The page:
First of all, the chief author’s point is that we should ‘defeat Putin’ at any cost, even at the cost of the nuclear destruction? So better nuclear apocalypse than Putin’s even partial ‘victory’, is that the point? Then the author of the article is basically calling for nuclear war and should be held accountable for dangerous, possibly criminal instigations. People like that should not be posting articles. They’re almost directly calling for nuclear war, and I find this warmongering at the stage when we’re as close to actual nuclear war as we never were since Cuban missile crisis, VERY problematic. In shoes of Unherd editor, I would have immediately fired this author as incompetent and dangerous warmongering propagandist – for failing to do his job of a quality journalist.
Speaking of the rest of his ‘analysis’, it’s absolutely not objective. It just repeats NATO and Kiyv propaganda word to word, naively assuming that everything Kiyv says is 100% true but everything Putin says is 100% lies. That’s very simplistic and biased approach again. The author cynically disregards Kiyv attacks on civilian infrastructure – Crimea bridge – which is a serious war crime if proven, but condemns Russia for the following strikes which were made in retaliation for a terror attack on Russian civilian infrastructure carried out by Ukrainian government. What? You don’t believe that it was a terorr attack carried out by Ukrainian government? Then prove it with facts, don’t just dismiss it and make baseless claims. But you can’t prove it because most likely based on all the evidence this terror attack was indeed carried out by Kiyv. To just disregard it is the worst kind of cynical hypocrisy.
The author then goes on to say that Russia again bombs ‘schools and hospitals’ again WITHOUT OFFERING A SHADE OF PROOF to his words! Officially, Russia says that it launched strikes on key Ukrianian military, energy and communication centers, not on ‘hospitals and schools’. Again, you do not believe it? THEN PROVE IT WITH FACTS, not with your baseless claims! The author makes more and more baseless slanderous claims though without offering a shade of proof to ANY of his words. It’s not quality independent journalism, it’s extremely biased warmongering propaganda.
P.S. I’m aware that warmongering establishment dummies would accuse me of being ‘Putin’s spy’ for my comment but I honestly do not care. If speaking the truth against propaganda, being concerned about nuclear destruction and seeking peace, not more war, and, most importantly, calling for objective fact-based quality journalism instead of biased warmongering propaganda is being ‘Putin’s spy’, then I’m proud to be that.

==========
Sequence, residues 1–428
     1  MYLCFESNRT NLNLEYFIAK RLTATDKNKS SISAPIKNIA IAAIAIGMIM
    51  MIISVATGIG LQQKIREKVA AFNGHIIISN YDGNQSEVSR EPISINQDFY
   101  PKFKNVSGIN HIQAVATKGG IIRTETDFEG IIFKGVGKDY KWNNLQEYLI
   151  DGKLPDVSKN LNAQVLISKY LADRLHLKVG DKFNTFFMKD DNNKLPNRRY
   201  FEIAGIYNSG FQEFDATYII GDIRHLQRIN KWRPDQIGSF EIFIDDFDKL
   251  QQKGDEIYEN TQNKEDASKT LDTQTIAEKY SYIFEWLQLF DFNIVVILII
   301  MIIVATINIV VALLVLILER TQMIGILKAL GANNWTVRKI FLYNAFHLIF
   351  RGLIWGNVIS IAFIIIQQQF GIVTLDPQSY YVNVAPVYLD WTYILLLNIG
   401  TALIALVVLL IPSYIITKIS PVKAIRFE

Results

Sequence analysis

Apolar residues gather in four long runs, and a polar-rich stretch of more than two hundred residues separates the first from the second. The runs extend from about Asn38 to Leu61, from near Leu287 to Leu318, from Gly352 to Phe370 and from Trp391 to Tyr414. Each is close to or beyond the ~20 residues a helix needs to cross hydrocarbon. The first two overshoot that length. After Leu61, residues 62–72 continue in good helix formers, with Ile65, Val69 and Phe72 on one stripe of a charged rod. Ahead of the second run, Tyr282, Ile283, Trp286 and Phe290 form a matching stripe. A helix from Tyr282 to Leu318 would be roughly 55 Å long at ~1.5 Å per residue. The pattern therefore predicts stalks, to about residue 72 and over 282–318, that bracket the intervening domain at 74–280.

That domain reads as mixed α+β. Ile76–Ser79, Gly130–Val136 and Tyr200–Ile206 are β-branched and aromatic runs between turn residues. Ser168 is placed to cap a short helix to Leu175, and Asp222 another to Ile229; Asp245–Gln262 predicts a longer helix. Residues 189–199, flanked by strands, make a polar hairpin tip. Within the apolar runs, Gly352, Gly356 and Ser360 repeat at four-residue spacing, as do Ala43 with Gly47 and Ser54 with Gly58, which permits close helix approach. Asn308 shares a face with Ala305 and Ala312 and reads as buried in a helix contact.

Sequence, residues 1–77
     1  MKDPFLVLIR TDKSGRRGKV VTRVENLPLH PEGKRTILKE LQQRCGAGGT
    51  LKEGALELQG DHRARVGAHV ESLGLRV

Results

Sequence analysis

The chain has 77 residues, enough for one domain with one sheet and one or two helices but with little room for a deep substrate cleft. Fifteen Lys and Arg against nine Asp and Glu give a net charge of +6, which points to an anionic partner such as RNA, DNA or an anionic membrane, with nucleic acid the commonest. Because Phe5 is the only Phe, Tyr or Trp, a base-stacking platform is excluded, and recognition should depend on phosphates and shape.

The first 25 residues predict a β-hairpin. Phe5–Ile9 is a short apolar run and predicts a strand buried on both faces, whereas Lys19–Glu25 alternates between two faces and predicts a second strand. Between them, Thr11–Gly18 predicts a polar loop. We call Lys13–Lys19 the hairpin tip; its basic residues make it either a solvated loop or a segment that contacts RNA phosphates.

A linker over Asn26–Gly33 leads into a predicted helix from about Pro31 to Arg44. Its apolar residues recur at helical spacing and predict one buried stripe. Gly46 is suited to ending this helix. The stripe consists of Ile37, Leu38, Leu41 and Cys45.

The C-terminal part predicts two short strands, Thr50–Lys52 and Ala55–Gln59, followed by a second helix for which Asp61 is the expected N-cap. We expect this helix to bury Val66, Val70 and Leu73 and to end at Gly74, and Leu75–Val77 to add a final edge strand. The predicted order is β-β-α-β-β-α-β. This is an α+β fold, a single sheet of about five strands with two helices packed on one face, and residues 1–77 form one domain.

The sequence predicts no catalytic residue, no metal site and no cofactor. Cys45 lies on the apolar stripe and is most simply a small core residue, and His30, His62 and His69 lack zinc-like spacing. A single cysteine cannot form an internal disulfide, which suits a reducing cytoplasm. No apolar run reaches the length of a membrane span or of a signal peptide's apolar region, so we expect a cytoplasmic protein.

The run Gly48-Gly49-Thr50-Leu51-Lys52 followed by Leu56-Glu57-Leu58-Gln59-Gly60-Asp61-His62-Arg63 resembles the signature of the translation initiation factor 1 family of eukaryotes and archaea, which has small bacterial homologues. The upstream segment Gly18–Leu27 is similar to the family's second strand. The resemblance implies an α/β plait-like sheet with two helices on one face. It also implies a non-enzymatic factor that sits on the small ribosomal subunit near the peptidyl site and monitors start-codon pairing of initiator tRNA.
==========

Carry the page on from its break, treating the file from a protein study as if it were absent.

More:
Last edited 1 year ago by Alexander Selensky
Brett H
Brett H
1 year ago

I don’t know where you’re from, but the general idea here is of a diversity of opinion. I’m not that gung-ho on the war, but you’re insisting that the writer be fired, not that he’s employed by UnHerd, gives me enough reason to lean towards one side a little more.

Alexander Selensky
Alexander Selensky
1 year ago
Reply to  Brett H

I’m generally also for allowing all the voices to speak and for a full freedom of speech too. But when we’re on the brink of nuclear war and this guy basically says ‘let’s burn down the whole world but not let Putin win’ – I find those articles very problematic and dangerous for all of us. It is certainly not an ‘analysis’ as it was said below the heading of the article, but warmongering propaganda. And yeah I do believe that calls for nuclear wars should be banned same as calls to murder say gay or Black people. To call for murder of vulnerable groups or for a nuclear destruction is downright dangerous hate speech which is not covered by the freedom of speech definition which even the most pro freedom of speech folks agree upon.

Last edited 1 year ago by Alexander Selensky
John McKee
John McKee
1 year ago

I think that articles such as this should be criticized, not banned. Banning it serves no good purpose, and tends to lend credence to its position: look they don’t want us to hear him; he must be right.

Alexander Selensky
Alexander Selensky
1 year ago
Reply to  Brett H

P.S. It’s not about freedom of speech even. The job of a good journalist is to do a neutral reporting or objective fact-based analysis, I guess we can agree on that? When a journalist fails to do his job by posting an extremely biased one-sided and certainly not fact but opinion based warmongering propaganda instead, this person should be fired just like every other person who fails to do their job.I didn’t know this guy wasn’t hired by UnHerd. Well then UnHerd should do at least a basic fact-check of the articles which appear on their wepage before posting them to not fall lower than CNN and Fox News taken together.

Last edited 1 year ago by Alexander Selensky
John McKee
John McKee
1 year ago